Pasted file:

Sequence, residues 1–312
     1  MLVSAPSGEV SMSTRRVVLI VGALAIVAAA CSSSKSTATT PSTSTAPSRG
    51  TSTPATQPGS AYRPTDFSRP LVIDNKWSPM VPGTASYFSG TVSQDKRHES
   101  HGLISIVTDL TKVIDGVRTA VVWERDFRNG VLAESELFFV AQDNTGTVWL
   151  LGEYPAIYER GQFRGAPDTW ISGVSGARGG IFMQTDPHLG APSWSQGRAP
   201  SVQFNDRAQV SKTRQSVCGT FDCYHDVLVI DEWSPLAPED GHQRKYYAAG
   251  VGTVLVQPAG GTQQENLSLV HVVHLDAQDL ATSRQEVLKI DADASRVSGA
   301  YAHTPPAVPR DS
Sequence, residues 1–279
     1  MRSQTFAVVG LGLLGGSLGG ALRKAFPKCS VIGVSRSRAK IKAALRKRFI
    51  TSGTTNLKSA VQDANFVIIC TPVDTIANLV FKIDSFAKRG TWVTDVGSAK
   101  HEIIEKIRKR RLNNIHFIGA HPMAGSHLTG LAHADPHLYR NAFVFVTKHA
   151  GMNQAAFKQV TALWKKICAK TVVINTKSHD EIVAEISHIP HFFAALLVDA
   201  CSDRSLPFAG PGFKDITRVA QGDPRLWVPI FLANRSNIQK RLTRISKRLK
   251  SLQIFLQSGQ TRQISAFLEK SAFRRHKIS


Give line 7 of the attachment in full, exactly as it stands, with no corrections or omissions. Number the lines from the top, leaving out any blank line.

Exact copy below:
   251  VGTVLVQPAG GTQQENLSLV HVVHLDAQDL ATSRQEVLKI DADASRVSGA